I may be in the Grumpy Old Man age group now, but I can remember being grumpy as a teenager - I know you are supposed to be surly at that age, but I plumped for grumpy. Back then I had three pet hates - the three Cs: caravans, coffee and Cream.
Caravan loathing was easily explained - family holidays in the Highlands mostly spent on the tortuous roads of the 60s in a barely mobile queue behind the inevitable caravaner. The proud owner of a powerful Rover 2000, with a front grille festooned with a row of hefty metal badges like Prussian campaign medals, proclaiming his allegiance to the AA, RAC and the Handlebar Moustache Drivers Club of Great Britain, he just knew that the `road unsuitable for caravans' sign couldn't possibly apply to him.
You'll have noticed the capital letter and twigged that coffee and Cream are not a pair. Yes, astonishingly it was the rock band I couldn't stand. Admittedly I had only ever heard `Badge', which I rather liked. It was in fact nothing to do with the music, but a reaction to boys a year or two older who, unlike me, had sneaked into the Cream generation and didn't they need you to know it. Nowadays I love most of Cream's music, though I still think Clapton lost it with `Layla' - ever tried dancing to the last six and a half minutes?
And then there was coffee. Fancying myself as a teenage iconoclast, I defined myself as a non-coffee drinker for no other reason than that virtually everyone else seemed to revel in it: remember that in the 70s there was still something faintly louche about coffee. The story of every addiction has its defining moments, and my first one came as a student. Our hall of residence rooms were furtively equipped with a surprising gift at the start of each term - a little tin of Nescafe (remember the tins?). To begin with, I simply gave them to my coffee-drinking neighbour. Then, with my first major exams looming, it occurred to me that the sleep-denying qualities of coffee might come in handy. So one evening, with a view to extending my studying time, I took a spoonful of the stuff, washing the gritty granules down as quickly as possible with copious amounts of water. And it worked! I was able to study for a full hour longer before the equations started swimming across the page.
With the psychological barrier broken, it was not long before I started to accept the occasional social coffee. Mostly these were those milky concoctions with a digusting skin of sickly slime and the merest suggestion of a coffee taste - a recipe dating from 1950s Scotland and our nation's dubious contribution to coffee culture. It was coffee made for people who didn't like coffee but thought they ought to drink it. The Dutch have an apt word for this coffee-esque drink: koffie verkeerd - coffee gone wrong.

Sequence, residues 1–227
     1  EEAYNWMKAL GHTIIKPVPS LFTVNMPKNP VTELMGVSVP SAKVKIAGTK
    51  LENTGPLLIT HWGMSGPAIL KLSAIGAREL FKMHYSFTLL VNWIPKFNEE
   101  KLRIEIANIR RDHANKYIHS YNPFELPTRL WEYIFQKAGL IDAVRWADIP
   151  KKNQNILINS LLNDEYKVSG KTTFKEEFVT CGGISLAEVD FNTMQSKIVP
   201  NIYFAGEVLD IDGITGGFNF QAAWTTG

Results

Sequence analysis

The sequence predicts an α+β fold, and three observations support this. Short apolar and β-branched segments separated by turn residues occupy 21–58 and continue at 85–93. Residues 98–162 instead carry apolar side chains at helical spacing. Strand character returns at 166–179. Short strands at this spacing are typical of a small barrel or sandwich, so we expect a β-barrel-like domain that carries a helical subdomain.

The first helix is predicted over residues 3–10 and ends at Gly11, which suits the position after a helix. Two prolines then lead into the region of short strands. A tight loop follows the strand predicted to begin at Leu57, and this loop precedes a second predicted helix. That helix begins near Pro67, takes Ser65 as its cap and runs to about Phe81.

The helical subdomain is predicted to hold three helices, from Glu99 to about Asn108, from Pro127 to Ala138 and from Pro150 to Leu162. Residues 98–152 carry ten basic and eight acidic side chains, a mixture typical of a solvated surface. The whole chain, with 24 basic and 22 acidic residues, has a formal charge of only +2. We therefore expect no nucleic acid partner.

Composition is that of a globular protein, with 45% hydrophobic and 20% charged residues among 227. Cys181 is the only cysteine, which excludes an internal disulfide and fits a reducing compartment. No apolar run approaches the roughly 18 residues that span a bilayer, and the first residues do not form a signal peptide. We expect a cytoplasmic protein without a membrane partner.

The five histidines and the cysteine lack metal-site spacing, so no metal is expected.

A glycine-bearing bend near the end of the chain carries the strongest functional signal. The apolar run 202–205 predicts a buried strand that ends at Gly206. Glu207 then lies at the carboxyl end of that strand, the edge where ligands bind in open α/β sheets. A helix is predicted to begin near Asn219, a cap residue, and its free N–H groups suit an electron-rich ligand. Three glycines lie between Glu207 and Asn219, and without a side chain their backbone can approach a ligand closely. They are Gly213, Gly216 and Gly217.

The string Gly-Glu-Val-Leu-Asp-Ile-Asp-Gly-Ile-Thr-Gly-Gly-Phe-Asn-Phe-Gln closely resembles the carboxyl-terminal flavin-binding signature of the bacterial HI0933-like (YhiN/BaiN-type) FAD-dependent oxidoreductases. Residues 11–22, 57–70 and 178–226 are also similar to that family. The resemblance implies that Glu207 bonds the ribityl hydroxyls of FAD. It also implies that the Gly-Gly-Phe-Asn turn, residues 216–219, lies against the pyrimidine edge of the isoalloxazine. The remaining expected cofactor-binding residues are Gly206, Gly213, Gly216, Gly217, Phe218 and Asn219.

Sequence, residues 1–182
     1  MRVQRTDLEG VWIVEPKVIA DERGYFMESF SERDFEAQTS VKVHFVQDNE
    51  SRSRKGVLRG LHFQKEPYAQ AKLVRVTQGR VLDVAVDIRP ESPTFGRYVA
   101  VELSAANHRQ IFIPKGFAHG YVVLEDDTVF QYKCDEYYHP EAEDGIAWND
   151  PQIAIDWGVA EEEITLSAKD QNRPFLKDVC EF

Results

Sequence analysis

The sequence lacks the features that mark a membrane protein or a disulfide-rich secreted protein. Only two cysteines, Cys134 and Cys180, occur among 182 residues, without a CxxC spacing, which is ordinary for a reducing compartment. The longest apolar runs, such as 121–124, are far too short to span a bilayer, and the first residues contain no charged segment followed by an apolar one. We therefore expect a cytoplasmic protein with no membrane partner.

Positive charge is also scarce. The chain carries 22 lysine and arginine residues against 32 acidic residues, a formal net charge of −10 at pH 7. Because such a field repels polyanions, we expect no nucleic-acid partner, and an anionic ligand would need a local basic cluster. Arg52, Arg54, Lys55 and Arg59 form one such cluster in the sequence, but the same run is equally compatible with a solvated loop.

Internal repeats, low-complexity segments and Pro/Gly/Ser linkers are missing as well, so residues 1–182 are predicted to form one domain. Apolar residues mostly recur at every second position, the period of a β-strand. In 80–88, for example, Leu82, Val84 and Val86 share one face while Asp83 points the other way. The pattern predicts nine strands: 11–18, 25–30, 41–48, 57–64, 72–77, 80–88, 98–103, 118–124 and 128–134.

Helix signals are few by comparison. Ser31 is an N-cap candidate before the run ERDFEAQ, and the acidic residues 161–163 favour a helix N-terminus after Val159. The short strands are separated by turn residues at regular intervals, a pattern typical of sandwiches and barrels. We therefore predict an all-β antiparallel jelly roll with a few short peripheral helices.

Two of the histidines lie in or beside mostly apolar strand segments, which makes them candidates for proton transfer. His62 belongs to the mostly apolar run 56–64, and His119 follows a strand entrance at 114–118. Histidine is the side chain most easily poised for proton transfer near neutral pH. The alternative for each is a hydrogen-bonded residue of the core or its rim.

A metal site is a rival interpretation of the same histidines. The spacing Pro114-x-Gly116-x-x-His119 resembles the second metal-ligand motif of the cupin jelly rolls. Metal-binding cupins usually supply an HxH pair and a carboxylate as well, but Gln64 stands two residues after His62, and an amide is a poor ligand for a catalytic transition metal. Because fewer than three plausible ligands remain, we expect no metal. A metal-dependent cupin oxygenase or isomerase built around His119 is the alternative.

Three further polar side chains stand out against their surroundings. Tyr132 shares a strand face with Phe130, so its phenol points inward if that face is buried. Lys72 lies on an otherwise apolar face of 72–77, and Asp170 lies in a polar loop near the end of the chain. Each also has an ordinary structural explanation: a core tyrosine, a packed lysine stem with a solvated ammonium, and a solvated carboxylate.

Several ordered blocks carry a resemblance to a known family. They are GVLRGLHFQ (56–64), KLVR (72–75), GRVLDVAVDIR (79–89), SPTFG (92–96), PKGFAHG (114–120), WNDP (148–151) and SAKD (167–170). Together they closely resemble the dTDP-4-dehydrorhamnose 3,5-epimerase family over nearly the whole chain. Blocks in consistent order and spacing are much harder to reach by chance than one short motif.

But slowly the Scottish palate was becoming more sophisticated, with foreign holidays in France and Italy introducing many of us for the first time to a completely new style of coffee. Unfortunately, in our attempts to emulate this, we chose as our coffee-maker of preference the percolator.
The percolator was the wedding gift de rigeur of the 80s, and the centrepiece of many a Thatcher-era dinner party. You can still find a few, sold as retro chic, on eBay. But some things from the past are best left there. The percolator was always an unneccessarily complicated means of arriving at another version of coffee gone wrong - the tepid, insipid and lifeless version that was Scotland's second flirtation with coffee culture.
Only in recent years have we arrived at the happy situation in Scotland where you can get a decent coffee in most of the larger towns and cities, though you still need to know where to look and only a few offerings match what you can confidently expect from even the most un-prepossessing cafe in France. Nowadays, in the grip of a joyous addiction, a morning in town will often start with two double espressos. Which brings me to one last grump. I don't mind paying £1.50 for a tiny coffee when a larger measure is available for a sensible increment. But there are still places that will try to fleece you by simply doubling the price - deftly insinuating strong coffee into the same aspirational class as malt whisky. Such places are best avoided, and not just on grounds of cost: your coffee will be made and delivered by a genuinely surly teenager.
Life is a contradictory undertaking. With age comes not just grumpiness, but mellowness. Nowadays I can think of few things better than waking in my caravan, on a sunny west coast pitch with views out to sea, and starting the day with a generous cafetiere of Taylor's Hot Java Lava (Strength 6) to a soundtrack of Disraeli Gears.